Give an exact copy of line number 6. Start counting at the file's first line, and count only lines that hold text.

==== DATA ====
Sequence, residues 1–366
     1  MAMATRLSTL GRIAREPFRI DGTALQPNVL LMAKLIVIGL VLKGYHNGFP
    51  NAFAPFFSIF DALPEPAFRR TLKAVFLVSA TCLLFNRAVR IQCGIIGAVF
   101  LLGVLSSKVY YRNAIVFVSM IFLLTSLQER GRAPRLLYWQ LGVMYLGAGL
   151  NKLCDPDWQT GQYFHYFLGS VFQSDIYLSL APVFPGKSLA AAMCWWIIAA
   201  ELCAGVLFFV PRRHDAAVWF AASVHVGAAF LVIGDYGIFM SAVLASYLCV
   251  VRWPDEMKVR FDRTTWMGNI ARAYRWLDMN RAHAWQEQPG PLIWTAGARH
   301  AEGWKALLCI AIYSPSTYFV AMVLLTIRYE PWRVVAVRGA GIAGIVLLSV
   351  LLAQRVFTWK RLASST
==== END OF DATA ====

   201  ELCAGVLFFV PRRHDAAVWF AASVHVGAAF LVIGDYGIFM SAVLASYLCV